Calls for an end to Israel's blockade have repeatedly fallen on deaf ears. Billions of dollars in donor money have been earmarked for the reconstruction of Gaza, but the international community is unwilling to begin any work without a unity agreement between Hamas and Fatah. The leading international players continue to refuse to deal with Hamas alone until the Islamist movement accepts international conditions that it recognise Israel, reject armed resistance and abide by agreements signed between the Palestinian Authority (PA) and Israel. Hamas refuses to do this, arguing that such conditions should also apply to Israel.
In addition, argued Jawdat Khodary, a local industrialist, Mahmoud Abbas, the PA president, has adopted a policy of leaving Gaza to one side. "The advisers around Abbas have persuaded him that he should focus on creating a state in the West Bank first," said Mr Khodary. "But it won't succeed. There is no Palestine without Gaza and ask anyone in Gaza who they blame for the siege and they will say Israel and Abbas. The siege is killing his presence and his chance of being president in Gaza."
For its part, Hamas may be counting on slowly breaking its international isolation. Hamas officials repeatedly cite the number of foreign delegations that have made their way to Gaza as evidence that cracks are appearing in the international embargo on contacts with the movement. Indeed, on Monday a British foreign affairs committee urged the British government to open contacts with Hamas. But, like calls to end the Israeli blockade, such recommendations have been heard before and with no result. Without a green light from Washington, Britain is not likely to open official contacts with Hamas, and the US will be extremely reluctant to undermine Mr Abbas by signalling any willingness to ease its stance on the Islamist group, even if it dared face down the inevitable Israeli opposition to such a move.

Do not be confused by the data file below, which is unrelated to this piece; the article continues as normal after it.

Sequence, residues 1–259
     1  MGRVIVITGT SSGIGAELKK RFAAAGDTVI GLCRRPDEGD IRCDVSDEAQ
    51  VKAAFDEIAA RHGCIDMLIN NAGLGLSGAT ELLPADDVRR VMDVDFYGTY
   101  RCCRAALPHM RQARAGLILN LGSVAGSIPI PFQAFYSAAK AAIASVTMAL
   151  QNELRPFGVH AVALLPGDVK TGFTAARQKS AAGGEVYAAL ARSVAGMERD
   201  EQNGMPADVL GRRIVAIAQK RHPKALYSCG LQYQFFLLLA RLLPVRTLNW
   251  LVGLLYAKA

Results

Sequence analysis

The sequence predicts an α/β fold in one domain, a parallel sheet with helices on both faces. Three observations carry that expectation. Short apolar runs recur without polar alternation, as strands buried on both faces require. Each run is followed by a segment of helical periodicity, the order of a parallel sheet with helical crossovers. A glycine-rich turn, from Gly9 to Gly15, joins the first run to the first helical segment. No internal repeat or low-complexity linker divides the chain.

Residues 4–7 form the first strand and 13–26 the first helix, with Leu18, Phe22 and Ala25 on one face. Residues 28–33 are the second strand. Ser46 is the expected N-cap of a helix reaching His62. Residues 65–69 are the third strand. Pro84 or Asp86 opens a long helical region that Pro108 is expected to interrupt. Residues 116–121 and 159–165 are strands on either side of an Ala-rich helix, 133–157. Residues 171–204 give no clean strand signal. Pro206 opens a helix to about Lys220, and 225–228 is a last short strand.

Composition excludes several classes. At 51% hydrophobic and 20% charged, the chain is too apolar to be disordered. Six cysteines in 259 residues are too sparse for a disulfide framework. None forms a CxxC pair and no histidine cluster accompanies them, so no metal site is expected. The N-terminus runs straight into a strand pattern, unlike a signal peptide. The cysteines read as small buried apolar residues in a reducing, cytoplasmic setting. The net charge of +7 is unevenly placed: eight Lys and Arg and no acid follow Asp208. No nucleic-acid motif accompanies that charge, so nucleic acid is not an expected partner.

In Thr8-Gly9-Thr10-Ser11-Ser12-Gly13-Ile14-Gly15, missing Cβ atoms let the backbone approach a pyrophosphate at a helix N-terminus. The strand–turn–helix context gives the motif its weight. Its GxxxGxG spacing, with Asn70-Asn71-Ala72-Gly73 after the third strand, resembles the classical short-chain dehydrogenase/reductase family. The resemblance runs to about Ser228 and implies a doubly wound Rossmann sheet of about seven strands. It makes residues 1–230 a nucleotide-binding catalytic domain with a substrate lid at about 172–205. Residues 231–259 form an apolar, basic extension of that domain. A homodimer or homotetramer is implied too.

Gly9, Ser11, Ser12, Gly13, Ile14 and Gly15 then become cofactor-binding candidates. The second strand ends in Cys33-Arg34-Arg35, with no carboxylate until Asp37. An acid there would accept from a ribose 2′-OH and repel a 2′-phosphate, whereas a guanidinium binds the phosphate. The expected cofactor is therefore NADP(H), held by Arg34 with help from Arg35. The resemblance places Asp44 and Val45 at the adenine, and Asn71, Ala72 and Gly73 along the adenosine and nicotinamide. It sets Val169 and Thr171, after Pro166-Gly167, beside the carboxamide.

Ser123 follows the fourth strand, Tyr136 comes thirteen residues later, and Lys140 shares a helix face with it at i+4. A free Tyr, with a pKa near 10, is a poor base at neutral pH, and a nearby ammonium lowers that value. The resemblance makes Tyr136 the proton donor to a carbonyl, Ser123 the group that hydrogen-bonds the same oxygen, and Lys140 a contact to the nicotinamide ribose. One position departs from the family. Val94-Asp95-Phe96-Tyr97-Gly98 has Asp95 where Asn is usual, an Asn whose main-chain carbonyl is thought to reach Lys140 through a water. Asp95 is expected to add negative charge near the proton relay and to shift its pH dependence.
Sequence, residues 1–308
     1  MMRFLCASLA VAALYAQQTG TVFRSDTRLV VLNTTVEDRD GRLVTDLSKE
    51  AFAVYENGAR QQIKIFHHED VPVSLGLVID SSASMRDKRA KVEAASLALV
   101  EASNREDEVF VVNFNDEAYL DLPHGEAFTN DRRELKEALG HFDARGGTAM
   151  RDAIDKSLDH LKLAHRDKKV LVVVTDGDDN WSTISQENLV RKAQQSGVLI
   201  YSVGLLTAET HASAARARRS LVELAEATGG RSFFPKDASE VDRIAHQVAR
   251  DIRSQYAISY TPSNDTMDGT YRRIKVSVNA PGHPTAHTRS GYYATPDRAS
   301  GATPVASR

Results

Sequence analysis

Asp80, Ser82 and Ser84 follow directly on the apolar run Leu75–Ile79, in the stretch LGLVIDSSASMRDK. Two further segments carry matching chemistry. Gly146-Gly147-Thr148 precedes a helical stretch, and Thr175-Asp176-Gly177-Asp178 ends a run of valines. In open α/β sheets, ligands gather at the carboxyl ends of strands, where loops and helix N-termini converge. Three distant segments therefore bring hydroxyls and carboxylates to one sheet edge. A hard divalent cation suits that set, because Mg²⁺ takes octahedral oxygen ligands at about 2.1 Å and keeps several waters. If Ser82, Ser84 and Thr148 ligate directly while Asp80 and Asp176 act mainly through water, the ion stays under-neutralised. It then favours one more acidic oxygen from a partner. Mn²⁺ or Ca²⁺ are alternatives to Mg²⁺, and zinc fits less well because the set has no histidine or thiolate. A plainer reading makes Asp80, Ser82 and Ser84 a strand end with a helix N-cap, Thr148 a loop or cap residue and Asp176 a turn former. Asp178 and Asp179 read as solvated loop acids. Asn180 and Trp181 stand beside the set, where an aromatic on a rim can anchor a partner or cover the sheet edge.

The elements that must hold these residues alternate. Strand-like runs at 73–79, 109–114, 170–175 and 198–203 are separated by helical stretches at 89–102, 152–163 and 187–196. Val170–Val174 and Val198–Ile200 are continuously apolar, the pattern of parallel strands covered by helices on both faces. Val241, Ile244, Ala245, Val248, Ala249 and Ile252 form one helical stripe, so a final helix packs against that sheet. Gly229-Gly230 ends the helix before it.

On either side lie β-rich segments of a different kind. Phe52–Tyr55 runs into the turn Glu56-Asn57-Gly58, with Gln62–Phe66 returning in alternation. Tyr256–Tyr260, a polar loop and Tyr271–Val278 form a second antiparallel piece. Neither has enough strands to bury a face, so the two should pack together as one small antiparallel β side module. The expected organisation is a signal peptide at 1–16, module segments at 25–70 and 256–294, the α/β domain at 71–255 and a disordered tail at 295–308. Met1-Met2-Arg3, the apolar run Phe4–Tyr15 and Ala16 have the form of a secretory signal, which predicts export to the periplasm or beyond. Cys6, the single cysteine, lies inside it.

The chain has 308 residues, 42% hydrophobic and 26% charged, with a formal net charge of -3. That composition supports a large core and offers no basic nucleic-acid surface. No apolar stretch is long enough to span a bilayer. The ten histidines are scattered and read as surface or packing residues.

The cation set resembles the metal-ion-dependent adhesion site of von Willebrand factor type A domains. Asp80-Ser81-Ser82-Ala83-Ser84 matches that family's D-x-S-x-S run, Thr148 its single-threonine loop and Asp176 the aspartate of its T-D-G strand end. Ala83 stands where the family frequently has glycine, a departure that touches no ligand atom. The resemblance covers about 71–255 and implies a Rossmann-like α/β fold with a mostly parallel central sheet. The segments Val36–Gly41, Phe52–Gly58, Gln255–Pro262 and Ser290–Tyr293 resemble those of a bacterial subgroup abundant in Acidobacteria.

In the meantime, said Eyad Sarraj, a Gazan psychiatrist, Hamas is cementing its rule over Gaza and is now turning its attention to social issues, specifically the idea of a "virtuous life" as prescribed by Islam. "But what are they focusing on?" asked Mr Sarraj, referring to a recent ruling that female lawyers should observe Islamic dress code in court. "They are focusing on women's dress, on the segregation of the sexes, especially in public or in schools. They are not focusing on honesty or financial probity. They are obsessed with sex, because these things are visible and people are easily intimidated because such issues address their traditional anxieties."
Between Fatah's strategy of only negotiations and Hamas's strategy of only resistance, both "futile", according to Mr Sarraj, there is no room for compromise as the two factions become tribal and exclusive rather than political and inclusive. Nor is the vacuum between them being filled, with other political factions either too small or too close to the main ones to make a difference. There is "no national movement" any more, said Mr Abu Ramadan, "no common goal".
And the future? With smuggling through the tunnels under the Gaza-Egypt border at full tilt, the status quo can continue indefinitely, said Mr Khodary. Gaza can survive, Gaza is surviving. But the continued isolation of Gaza will lead to a situation "worse than Afghanistan". "How can we produce normal people here under such isolation? How will the next generation develop?" email@example.com